Presidential Studies Quarterly

Presidential Studies Quarterly is a quarterly newsletter on the subject of citizenship. Presidential Studies Quarterly is written by the Center for the Study of the Presidency and published by Sage Publications, Inc., in Thousand Oaks, Calif.

Articles from Vol. 36, No. 3, September

A "New Covenant" Kept: Core Values, Presidential Communications, and the Paradox of the Clinton Presidency
Commonplace among his supporters and many Americans is the idea that Ronald Reagan was an exemplar of philosophical consistency as president of the United States. Reagan, it is said, knew who he was, spoke and wrote consistently about his vision for...
Exorcising Scandal in the White House: Presidential Polling in Times of Crisis
Attention to public opinion polls during a scandal takes on greater proportions, especially for politicians and the media (Hogan 2003). To this end, scholars have argued that political scandal and public opinion polling are "a match made in heaven"...
McKinley's Backbone
Theodore Roosevelt is known for his forceful expressions and pungent wit. One of his most cited statements is a description of President William McKinley--he "has no more backbone than a chocolate eclair." For much of the twentieth century, McKinley...
"Peace without Conquest": Lyndon Johnson's Speech of April 7, 1965
On April 7, 1965, Lyndon Johnson delivered a televised address from Johns Hopkins University, reaching an estimated sixty million viewers across the United States and many tuning in from around the world. (1) His administration billed the speech, "Peace...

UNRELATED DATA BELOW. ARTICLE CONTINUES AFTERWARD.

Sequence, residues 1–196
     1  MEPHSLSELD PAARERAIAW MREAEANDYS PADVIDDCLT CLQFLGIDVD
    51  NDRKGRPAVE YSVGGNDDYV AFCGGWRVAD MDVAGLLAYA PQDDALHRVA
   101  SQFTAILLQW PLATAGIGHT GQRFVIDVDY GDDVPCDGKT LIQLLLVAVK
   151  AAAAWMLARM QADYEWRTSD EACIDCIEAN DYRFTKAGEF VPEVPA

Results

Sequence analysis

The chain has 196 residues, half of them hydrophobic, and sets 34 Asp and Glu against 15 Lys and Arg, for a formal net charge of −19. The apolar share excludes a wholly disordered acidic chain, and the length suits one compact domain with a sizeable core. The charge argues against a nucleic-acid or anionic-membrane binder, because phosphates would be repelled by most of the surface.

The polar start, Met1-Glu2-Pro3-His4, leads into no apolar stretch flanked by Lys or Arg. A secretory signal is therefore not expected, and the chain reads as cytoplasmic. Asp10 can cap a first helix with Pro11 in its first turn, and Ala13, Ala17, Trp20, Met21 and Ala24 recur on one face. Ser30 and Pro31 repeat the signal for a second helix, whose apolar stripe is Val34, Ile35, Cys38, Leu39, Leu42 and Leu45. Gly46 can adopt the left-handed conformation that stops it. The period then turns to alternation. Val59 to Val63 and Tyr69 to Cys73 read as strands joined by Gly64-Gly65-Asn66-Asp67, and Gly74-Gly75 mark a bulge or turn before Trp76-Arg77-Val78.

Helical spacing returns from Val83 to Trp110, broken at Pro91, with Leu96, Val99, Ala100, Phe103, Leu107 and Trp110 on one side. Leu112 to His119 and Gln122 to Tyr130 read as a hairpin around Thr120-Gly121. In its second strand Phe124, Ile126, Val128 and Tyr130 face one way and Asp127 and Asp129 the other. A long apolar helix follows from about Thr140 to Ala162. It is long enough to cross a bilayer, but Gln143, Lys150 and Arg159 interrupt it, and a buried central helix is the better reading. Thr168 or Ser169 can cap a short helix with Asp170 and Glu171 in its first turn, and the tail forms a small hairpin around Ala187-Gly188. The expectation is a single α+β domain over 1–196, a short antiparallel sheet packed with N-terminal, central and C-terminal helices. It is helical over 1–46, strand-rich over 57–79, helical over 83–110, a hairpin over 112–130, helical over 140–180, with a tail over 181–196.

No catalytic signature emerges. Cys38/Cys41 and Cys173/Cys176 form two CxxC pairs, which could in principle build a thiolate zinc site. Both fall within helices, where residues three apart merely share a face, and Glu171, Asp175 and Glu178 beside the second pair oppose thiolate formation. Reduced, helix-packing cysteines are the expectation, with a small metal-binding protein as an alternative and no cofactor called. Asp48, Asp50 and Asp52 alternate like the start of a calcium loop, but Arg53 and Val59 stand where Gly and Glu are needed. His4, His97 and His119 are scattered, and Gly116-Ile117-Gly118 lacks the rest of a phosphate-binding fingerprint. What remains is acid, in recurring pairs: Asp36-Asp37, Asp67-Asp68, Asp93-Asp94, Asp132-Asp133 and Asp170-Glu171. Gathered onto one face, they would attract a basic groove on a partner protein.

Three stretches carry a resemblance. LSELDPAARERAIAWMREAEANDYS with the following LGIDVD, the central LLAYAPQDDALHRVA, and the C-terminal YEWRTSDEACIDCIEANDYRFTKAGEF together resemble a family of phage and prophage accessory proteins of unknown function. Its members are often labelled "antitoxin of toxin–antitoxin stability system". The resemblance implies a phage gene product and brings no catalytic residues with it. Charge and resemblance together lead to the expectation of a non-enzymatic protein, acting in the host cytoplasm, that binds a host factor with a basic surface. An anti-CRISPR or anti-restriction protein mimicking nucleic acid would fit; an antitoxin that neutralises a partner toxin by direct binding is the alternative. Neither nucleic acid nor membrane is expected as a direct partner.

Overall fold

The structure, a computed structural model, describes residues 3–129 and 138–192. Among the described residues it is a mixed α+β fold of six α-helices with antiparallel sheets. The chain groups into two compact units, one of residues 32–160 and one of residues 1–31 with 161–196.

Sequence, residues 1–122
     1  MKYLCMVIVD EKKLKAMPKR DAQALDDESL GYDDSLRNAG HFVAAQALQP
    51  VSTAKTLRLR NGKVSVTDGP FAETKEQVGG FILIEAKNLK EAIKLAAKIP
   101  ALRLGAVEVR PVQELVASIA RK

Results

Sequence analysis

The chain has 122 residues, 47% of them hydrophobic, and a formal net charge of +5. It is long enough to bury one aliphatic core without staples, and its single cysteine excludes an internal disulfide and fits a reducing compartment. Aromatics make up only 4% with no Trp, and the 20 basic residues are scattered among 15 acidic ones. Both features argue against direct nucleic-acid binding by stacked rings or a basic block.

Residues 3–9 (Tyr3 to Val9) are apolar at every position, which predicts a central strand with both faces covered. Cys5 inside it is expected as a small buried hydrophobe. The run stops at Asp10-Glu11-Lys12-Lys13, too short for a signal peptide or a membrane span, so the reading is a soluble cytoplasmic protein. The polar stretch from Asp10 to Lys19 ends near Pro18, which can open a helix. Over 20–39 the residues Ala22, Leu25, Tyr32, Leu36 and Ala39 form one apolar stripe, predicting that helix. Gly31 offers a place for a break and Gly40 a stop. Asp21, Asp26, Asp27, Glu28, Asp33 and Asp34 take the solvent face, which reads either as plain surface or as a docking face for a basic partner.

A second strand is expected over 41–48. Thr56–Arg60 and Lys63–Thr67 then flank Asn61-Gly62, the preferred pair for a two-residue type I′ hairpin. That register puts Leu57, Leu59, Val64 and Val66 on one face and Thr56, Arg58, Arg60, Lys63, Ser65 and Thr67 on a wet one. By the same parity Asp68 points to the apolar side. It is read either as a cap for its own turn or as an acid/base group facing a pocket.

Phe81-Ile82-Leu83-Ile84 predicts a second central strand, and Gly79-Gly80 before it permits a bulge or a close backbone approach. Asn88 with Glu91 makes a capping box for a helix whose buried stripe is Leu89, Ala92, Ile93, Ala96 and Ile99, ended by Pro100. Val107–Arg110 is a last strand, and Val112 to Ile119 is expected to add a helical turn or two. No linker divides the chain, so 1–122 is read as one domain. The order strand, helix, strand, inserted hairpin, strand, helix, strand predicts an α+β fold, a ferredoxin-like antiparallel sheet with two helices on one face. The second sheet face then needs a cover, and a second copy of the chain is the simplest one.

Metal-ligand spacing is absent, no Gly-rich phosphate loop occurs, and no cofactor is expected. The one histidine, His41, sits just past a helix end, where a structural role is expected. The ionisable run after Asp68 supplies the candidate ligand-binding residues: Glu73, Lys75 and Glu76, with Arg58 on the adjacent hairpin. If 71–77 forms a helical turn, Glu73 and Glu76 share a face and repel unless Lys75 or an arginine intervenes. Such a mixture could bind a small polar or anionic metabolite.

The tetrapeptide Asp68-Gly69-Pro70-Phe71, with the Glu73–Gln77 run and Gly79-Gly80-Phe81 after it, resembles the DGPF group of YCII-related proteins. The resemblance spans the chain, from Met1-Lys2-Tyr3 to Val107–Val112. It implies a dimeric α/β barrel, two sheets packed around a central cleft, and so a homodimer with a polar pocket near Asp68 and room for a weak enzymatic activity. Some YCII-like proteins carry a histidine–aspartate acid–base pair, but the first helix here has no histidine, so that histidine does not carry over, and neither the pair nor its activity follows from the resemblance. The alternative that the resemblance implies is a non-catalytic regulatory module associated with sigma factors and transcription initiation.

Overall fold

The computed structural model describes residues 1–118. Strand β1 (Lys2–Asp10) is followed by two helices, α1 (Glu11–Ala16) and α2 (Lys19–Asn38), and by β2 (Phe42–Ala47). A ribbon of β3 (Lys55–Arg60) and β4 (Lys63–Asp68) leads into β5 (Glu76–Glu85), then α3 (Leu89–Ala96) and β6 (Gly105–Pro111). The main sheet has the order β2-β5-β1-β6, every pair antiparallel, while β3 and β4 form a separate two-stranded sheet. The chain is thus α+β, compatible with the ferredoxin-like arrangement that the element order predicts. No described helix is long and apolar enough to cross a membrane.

Presidential Difference in the Early Republic: The Highly Disparate Leadership Styles of Washington, Adams, and Jefferson
It is a near axiom of the behavioral sciences that the actions people take are a function of two broad sets of influences--their personal characteristics and the environments in which they are situated. It is also widely accepted that the more ambiguous...
Presidential Leadership and Administrative Coordination: Examining the Theory of a Unified Executive
As is often noted, the delegation of policy-making authority to the bureaucracy presents important doctrinal and constitutional issues for American government. What values should guide the administrative process and what institutional controls are...
Presidential Visits and Midterm Senate Elections
To win election and reelection, presidents, senators, and representatives work hard to interact with constituents, often through personal contact and visits (Shaw 1999a; Fenno 1996; Jacobson 2001; Mayhew 1974; Cohen, Krassa, and Hamman 1991). Many...
The Changing Nature of Presidential Policy Making on International Agreements
As chief diplomats, U.S. presidents hold a great reservoir of power, both formal and informal. One of the most important formal diplomatic powers of the presidency is the constitutional authority to negotiate treaties. However, presidents are constrained...
The Contemporary Presidency: The Decline and Resurgence and Decline (and Resurgence?) of Congress: Charting a New Imperial Presidency
"How Much Power Should They Have?" demanded the cover of Newsweek as 2006 began, as President George W. Bush and Vice President Dick Cheney glared out from underneath the headline. The question was prompted by a flurry of holiday season revelations...
The Law: George Bush as Commander in Chief: Toward the Nether World of Constitutionalism
The President shall be Commander in Chief of the Army and Navy of the United States, and of the Militia of the several states when called into the actual service of the United States. --Article II, Section 2 President George W. Bush's sweeping...
The Polls: The Coalitional President from a Public Opinion Perspective
As Thomas Cronin (1980; also Cronin and Genovese 2004) insightfully pointed out thirty years ago, the presidency is beset with paradoxes, at times being tugged, pulled, or pushed in differing and often contradictory directions. For instance, on the...
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